CAT Prints - the online newsletter of the Department of Computers and Telecommunication Services

VOLUME 7, ISSUE 1

August, 2006

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Protecting sensitive data

There have been many examples in the national media lately of laptop machines with confidential data being stolen.  Some of these machines contained tremendous amounts of sensitive data - millions of names, addresses, social security numbers and the like.  It is certain that the data on these machines are worth much, much more than the hardware itself, and the possible damage to citizens through identity theft and other kinds of fraud is incalculable. 

Here at the college we all hold sensitive data on our machines, perhaps without even realizing it.  We have employee performance evaluations, student information, confidential letters and probably a fair bit of personal material as well.  These may not be state secrets or high-value content in the world of cybercrime, but they are items of some sensitivity that we are responsible for keeping secure.  The question is, how best to keep these data safe?

Consider the laptop.  Its very portability makes it awfully easy to leave behind at the airport or stashed in the back seat of a car during a meeting.  There are lots of ways that a laptop can disappear.  This immediately raises two concerns:

1.  Did I back up my data?  That is, after get a new machine can I retrieve all of the information that was stored on the lost computer?  Make sure you have a way to back up your files - either through some of the automated mechanisms available to Secure Desktop and ASCI users or else through more manual means of copying data to network drives or other media.  Keep those backups secure, too!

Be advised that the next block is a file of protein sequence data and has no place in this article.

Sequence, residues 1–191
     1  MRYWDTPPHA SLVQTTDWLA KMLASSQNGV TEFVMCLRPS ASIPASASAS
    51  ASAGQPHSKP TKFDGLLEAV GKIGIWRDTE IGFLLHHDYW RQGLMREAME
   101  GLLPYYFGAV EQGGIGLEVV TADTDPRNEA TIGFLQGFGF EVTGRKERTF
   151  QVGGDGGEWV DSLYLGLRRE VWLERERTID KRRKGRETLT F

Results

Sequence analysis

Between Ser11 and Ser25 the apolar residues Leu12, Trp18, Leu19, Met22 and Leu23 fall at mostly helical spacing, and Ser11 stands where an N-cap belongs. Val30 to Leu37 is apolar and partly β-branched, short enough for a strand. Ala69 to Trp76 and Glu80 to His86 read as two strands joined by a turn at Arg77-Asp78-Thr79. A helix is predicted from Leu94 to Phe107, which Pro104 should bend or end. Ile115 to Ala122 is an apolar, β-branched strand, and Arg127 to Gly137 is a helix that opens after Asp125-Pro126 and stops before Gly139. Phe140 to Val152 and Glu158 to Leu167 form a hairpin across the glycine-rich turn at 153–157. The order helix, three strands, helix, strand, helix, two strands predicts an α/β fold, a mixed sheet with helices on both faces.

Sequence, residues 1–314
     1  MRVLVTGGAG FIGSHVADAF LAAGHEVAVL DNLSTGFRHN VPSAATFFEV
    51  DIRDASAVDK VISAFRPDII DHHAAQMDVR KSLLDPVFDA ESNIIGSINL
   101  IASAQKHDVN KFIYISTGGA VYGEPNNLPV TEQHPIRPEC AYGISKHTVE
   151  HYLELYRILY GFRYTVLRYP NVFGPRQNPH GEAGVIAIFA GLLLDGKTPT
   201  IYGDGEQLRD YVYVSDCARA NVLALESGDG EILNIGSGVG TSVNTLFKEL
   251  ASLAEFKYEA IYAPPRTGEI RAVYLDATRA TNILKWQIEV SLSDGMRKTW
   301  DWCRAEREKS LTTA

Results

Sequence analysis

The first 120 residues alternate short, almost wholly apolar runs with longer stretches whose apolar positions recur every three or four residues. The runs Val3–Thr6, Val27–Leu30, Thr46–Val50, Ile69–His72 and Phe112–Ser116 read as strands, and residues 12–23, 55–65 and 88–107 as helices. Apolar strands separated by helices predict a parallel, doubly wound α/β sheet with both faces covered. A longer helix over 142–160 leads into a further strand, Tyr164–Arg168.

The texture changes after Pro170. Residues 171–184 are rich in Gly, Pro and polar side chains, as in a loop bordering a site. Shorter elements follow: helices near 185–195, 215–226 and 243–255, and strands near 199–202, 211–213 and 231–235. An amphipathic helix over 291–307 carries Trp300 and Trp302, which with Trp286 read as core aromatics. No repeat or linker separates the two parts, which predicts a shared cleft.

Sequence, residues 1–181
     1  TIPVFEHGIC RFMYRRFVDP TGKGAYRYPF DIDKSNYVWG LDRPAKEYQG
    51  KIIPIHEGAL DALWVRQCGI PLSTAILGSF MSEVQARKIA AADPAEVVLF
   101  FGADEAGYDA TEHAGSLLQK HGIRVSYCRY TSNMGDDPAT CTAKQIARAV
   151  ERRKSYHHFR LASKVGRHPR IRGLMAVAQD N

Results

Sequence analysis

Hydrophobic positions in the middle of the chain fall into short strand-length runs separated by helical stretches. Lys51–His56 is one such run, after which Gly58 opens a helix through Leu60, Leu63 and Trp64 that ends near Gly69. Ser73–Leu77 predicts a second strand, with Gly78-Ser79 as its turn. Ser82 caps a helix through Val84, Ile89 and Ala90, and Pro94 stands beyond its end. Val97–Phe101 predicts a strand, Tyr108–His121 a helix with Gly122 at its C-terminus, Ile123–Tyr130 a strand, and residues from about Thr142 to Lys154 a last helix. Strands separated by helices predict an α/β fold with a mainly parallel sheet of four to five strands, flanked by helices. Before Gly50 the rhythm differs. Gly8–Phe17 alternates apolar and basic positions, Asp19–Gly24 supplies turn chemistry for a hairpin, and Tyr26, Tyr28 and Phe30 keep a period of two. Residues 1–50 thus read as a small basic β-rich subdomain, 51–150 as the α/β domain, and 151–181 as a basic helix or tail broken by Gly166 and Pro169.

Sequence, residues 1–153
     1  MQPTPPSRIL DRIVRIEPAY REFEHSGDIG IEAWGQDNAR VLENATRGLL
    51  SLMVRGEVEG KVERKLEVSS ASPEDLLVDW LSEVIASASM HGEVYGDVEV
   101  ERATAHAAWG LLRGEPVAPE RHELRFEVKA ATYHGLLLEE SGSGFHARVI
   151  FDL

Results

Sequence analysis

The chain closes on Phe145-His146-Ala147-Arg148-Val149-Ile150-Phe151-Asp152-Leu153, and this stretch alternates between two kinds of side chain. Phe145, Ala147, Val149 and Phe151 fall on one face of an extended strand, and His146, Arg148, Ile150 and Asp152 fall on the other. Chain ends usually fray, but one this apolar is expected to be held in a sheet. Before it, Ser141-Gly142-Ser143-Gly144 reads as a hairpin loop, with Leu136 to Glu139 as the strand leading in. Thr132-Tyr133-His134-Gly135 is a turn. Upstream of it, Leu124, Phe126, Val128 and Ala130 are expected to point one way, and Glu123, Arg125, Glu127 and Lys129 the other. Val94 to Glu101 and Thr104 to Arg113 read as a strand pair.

2.  If someone has may laptop, can they access my files?  If they do access my files, can they do anything with the data that could be damaging or embarrassing to those involved?

There are many ways to secure files on machines that will render them inaccessible to unauthorized people.  In September's CATPrints we will look at some of those methods and discuss other elements of data security.

 

New Image Gallery

The College's collection of online imagery has significantly grown in the last few years.  In an effort to make it easier to find a specific image, the Web Development Office in collaboration with Academic Information Technology Services has created the Image Gallery, a site where you can search for images based on keywords and descriptions.  At www.oneonta.edu/imagegallery you will find an attractive and simple layout of image categories as well as a search engine.  Photos stored in the Image Gallery are available for any employee of the college to use for college-related business.   As we go along we will be adding vast quantities of images and tagging each one with appropriate descriptors to make them available to searches.  Please contact the Web Development Office at 3031 if you would like to share your images in the Gallery.

 

Personal Call Policy